• The ending of "One Bad Apple" has Sweetie Belle's speech, which includes a long list of synonyms for friends. It takes long enough to recite that Scootaloo asks her to hurry it up, until Sweetie Belle reminds her that Scootaloo's the one who wrote it in the first place. When she reaches a later part of the speech that had her repeating these long list synonyms again, Scootaloo swiftly cuts her off to officially recognize Babs as a member of the Cutie Mark Crusaders.
      Sweetie Belle: We, the Cutie Mark Crusaders, elect Babs Seed to join us as a sister, friend, confidant, ally, bosom buddy, gal pal, compadre, chum of chums, home girl, amiga...
    • Spoofed on "Spike At Your Service". The list Spike makes of the things he's always wanted to do is written on a long piece of paper, but only has three items on it.
    • Princess Cadance has a list of things necessary for the Royal Headdress in "Games Ponies Play" that is about two stories tall.
    • In "Just For Sidekicks". Rarity gives Spike some notes in pet sitting Opal. The list is ridiculously long, that his quill burned from the writing.
  • Chuckie gives one on Rugrats after he protests against their latest adventure at the community center swimming pool.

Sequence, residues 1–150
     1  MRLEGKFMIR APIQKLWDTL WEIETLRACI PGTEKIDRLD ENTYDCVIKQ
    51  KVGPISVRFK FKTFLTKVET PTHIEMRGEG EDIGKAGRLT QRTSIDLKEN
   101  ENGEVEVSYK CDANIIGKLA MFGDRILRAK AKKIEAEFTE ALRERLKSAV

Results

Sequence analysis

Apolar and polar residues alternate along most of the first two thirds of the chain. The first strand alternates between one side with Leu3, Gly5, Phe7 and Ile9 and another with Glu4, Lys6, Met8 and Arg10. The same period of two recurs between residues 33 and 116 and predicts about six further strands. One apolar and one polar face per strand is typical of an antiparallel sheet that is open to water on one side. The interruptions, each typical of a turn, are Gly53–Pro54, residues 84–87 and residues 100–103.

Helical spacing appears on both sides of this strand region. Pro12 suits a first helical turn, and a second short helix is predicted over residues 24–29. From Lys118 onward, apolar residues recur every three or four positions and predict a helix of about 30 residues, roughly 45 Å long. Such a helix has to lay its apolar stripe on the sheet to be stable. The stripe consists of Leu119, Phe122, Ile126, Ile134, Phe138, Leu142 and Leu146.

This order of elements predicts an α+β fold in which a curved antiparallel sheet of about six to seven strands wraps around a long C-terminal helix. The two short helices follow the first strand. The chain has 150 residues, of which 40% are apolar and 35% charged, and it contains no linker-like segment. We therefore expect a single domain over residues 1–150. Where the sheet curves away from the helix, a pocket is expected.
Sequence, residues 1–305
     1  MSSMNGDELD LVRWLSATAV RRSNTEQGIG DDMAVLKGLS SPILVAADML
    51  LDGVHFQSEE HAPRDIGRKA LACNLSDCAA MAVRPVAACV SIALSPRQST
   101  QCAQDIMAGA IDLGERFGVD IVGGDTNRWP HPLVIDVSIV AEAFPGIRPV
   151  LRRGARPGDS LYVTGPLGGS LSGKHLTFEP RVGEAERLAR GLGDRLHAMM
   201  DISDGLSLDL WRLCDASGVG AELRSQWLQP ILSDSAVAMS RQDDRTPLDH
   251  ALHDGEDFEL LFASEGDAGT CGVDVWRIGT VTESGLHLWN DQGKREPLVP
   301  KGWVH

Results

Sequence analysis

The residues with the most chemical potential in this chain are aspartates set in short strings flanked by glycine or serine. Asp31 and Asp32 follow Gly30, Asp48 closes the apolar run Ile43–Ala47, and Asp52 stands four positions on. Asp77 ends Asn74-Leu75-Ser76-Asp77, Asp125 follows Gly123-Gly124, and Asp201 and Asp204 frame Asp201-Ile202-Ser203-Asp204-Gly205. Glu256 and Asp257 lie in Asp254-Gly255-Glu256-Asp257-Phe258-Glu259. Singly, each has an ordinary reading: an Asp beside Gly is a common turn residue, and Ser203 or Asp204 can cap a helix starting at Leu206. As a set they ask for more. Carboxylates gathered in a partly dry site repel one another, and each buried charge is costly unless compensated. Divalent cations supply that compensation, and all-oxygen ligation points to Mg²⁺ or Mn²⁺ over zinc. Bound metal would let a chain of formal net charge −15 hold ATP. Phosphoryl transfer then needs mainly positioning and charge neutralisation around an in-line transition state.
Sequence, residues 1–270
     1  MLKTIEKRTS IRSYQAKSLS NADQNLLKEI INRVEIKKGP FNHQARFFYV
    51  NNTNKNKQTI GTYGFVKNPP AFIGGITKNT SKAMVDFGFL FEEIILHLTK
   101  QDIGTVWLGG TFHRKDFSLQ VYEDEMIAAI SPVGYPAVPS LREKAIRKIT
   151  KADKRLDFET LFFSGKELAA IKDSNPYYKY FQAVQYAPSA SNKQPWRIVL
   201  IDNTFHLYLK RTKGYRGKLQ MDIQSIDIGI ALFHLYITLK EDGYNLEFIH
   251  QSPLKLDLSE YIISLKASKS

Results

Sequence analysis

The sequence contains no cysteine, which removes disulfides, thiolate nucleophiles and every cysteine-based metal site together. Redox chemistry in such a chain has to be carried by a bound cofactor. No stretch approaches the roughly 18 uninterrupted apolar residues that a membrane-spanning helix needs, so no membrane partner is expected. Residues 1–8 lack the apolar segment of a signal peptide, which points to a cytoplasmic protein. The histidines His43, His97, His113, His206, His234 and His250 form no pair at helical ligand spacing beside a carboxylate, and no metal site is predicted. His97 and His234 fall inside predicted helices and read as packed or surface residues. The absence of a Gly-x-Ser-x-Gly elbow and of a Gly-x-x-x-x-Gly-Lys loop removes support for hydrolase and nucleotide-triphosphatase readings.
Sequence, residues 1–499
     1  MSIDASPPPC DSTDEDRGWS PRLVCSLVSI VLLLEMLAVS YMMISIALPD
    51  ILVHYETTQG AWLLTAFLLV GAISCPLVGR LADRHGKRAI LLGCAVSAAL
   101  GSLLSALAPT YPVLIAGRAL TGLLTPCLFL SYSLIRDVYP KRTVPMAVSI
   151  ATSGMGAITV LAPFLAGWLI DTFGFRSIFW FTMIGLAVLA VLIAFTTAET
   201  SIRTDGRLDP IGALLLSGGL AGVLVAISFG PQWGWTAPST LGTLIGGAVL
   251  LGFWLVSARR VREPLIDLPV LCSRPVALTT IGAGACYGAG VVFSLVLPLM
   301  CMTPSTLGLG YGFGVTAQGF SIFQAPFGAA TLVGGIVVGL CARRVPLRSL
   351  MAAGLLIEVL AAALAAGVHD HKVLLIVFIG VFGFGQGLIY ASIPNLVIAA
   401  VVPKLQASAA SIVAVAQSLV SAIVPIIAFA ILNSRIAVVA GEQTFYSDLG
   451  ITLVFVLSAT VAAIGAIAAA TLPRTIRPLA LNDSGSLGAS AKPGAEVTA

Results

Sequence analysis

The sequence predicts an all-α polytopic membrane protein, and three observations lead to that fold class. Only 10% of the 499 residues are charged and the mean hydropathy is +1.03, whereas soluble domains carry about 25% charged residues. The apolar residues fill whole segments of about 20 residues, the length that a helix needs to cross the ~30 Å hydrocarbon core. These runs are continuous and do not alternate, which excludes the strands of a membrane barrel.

Tommy: Come on, Chuckie, when was the last time I ever got you lost?
    Chuckie: What about the time we went down into your basement, and I got stuck in the mattress? And the time you got us locked in that toy store? And time we went through that mirror into Mirrorland, and the time we chased after that wedding cake, and the time you got us lost in the museum, the time we snuck into your aunt's room... and the time I got stuck in the tomato bush, and that dog thought I was a tree...
  • The Phineas and Ferb episode "Mom's Birthday" has an increasingly frantic Candace attempting to compose a song for Mom on a number of instruments starting with the letter "b"... as each of them is shrunk to the point of disappearing by Dr. Doofenshmirtz's latest invention.
    Candace: Wait a minute! I can still give Mom the one thing the boys can't! The gift of music! Played on my good friend: the bass. (begins to play bass, but disappears because of Shrinkspheria) Huh. Oh well, it's a good thing I play the banjo! (banjo shrinks) It's a good thing I play the bassoon! (bassoon shrinks) It's a good thing I play the bugle! (bugle shrinks) It's a good thing I play the bongos! (bongos shrink)
    Announcer: Five minutes later...
    Candace: (frantic) It's a good thing I play the balalaika! (balalaika shrinks) It's a good thing I play the bagpipes! (bagpipes shrink) I should have manned the omelette station!